Saturday, September 1, 2012

Boris - Pie in the Sky?

You gotta love Boris. He really is the master of the improbable, not to say stupid, vision. Airports in the sea. Roads underground. And now, cycle lanes in the sky!

The Times reports that Boris "is considering proposals for a raised cycle network between mainline stations in London" similar to the High Line in New York. The difference being, High Line is a linear park along a disused railway (and interestingly, the park rules prohibit bicycles, skateboards, skates or scooters), whereas Boris is proposing putting cycle paths alongside existing, working, extremely busy raised railway tracks.

Now, unless I miss my guess, there isn't a huge amount of spare room on the elevated tracks in London. It's not like they were built with a wide strip of surplus land on each side. (That's the great thing about railways - they are extremely compact in terms of space used per passenger journey.) You can't have cyclists riding a foot away from trains whooshing by at 60MPH, for the same reason you're advised to stand back from the platform's edge at a station, although Boris would probably tell you that it's perfectly negotiable if you keep your wits about you. I suppose you could have some kind of cantilevered arrangement to hang a cycleway off the side of existing viaducts and bridges, but that would be very complex and cost a fortune. Some parts of the railway do have enough spare land to form a cycle track, but there are so many bridges and points where the spare width isn't sufficient. A further problem is that you will need regular points of access, so that people can join and leave the railside paths. If the track is elevated by, say, twenty feet, you would need ramps of 400 feet in length to give a reasonable 5% gradient.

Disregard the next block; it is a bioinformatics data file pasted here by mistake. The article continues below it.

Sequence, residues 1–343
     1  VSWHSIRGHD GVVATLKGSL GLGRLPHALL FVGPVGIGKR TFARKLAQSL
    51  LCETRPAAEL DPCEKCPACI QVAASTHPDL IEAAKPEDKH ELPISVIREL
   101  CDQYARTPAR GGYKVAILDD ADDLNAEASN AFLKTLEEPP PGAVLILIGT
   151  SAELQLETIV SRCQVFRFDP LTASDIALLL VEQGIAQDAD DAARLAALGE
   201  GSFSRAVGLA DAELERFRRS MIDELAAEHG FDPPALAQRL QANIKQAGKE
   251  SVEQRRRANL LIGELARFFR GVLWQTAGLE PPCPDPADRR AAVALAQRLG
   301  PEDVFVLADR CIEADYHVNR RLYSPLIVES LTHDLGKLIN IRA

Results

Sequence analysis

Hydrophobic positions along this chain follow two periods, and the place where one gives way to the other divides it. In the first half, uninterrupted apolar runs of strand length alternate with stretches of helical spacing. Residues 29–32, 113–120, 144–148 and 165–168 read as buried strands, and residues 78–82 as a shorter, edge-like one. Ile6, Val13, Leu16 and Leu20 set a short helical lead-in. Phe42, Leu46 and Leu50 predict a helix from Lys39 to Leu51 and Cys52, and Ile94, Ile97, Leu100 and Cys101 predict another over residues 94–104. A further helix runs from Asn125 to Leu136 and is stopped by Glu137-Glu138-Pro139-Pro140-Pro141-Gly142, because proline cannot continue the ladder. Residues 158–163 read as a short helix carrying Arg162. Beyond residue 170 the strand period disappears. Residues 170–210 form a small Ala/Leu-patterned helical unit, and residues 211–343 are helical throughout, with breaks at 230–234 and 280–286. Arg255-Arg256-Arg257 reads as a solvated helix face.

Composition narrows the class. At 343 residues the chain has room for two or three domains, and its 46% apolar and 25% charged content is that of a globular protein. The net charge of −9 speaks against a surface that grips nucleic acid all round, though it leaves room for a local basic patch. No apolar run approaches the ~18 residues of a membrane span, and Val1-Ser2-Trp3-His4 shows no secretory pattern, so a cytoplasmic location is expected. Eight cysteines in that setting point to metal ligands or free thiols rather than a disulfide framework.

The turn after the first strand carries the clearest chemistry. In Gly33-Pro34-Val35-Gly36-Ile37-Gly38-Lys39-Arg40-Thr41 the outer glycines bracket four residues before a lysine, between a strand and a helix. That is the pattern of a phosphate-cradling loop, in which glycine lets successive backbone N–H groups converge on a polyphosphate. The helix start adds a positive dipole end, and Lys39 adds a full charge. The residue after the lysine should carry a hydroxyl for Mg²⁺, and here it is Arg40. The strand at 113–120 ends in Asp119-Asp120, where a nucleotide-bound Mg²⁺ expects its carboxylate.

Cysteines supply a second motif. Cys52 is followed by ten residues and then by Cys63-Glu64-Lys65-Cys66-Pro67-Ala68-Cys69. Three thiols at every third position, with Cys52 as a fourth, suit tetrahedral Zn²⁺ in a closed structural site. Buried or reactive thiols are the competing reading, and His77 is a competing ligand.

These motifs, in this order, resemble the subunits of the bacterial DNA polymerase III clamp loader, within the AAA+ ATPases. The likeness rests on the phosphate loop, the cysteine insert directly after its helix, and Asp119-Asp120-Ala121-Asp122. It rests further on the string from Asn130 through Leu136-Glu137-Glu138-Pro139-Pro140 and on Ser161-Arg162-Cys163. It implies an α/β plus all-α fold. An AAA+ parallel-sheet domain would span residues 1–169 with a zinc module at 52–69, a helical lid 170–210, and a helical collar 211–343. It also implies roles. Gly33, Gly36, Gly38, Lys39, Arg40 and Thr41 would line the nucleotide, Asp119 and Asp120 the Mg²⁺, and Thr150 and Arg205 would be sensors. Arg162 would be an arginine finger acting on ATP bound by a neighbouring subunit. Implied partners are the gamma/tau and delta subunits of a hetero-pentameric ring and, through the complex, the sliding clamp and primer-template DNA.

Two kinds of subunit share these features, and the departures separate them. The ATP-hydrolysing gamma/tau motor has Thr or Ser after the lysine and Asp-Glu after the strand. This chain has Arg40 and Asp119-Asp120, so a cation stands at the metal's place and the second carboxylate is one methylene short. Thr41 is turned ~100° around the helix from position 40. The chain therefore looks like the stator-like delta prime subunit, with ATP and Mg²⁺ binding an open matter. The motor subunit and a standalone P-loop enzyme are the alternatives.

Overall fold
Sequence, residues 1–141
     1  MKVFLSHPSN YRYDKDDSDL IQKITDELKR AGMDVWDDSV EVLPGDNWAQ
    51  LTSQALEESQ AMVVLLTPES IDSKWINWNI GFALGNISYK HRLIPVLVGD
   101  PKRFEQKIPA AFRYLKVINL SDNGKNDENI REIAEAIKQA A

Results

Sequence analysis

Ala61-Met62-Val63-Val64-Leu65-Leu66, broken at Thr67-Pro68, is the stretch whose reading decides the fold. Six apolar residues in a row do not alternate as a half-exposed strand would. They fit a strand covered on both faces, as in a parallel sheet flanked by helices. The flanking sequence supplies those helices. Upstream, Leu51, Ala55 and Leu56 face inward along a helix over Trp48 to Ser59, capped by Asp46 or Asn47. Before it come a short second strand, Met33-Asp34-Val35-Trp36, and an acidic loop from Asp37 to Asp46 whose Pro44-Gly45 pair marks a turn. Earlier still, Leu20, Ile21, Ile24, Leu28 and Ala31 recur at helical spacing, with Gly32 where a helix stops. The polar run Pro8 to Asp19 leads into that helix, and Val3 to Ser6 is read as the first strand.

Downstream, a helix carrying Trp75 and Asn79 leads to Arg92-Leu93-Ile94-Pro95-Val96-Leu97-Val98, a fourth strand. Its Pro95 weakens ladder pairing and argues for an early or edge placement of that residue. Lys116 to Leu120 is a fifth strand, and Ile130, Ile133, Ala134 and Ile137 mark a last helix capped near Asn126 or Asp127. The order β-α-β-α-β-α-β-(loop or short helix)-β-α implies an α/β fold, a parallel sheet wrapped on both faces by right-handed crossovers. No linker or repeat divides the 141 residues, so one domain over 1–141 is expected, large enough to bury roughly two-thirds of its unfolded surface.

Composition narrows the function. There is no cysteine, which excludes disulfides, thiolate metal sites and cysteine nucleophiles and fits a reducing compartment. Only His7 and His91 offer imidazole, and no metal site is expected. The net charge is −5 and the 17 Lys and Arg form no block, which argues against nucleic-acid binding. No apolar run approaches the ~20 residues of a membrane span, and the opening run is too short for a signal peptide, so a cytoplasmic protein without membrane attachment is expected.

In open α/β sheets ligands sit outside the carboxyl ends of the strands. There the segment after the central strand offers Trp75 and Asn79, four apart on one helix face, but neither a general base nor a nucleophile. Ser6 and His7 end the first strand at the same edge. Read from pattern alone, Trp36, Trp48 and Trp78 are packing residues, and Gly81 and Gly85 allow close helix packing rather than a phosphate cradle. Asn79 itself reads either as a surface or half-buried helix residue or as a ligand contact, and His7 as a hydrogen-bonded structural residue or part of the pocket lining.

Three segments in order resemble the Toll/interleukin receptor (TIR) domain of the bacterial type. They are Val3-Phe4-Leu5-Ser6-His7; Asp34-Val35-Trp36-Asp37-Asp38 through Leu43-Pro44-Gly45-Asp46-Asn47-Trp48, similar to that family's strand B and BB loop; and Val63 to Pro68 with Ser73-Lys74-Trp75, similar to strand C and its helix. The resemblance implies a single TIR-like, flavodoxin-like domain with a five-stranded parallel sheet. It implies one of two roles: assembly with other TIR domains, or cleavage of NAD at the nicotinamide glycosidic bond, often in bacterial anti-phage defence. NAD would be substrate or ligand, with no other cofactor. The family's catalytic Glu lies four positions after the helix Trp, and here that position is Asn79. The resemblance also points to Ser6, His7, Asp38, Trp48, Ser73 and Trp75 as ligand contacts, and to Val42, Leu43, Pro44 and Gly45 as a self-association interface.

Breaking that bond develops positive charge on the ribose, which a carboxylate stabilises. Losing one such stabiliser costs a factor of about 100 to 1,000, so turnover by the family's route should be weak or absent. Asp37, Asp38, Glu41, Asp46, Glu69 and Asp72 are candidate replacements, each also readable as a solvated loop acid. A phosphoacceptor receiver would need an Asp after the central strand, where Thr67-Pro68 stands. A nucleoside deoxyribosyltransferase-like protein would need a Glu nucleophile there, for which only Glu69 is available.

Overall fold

Now, don't get me wrong, I'm all in favour of original ideas and creative solutions. But wouldn't it be a lot easier and cheaper to stay at street level most of the time? Building cycle flyovers or tunnels to take cyclists safely through junctions wouldn't be a bad idea, connected to proper segregated cycle paths, of course. Or we could just do what the Dutch do, which is proven to work and is (now this really beggars belief) mainly at street level. If there's one thing the Olympics has proved is that London's road network can carry essential traffic plus lots of extra Olympics cars and still be fairly empty. In other words, TfL's standard excuse for doing nothing for cyclists - that every motor journey is essential and traffic flow is paramount - has been shown to be a lie.

But where could you put segregated lanes at street level on London's busy streets, where we are continually assured there is no space?

How about here, on Victoria Embankment (below):

 As you can see, there is a wide central reservation, whose main purpose is to enable motorists to exceed the 30MPH speed limit in safety. Reallocate that space and you have a decent cycle lane.The road also has parking for coaches, which could quite easily be reallocated to nearby streets - there are plenty that are wide enough. This embarrassment of under-used and misallocated space runs all the way from Westminster Bridge to Blackfriars Bridge and would yield plenty of room for a good segregated lane,  even without reducing the number of  general traffic lanes.  Why doesn't Boris do this? Perhaps because it's a lot more boring than putting cycle lanes in the sky?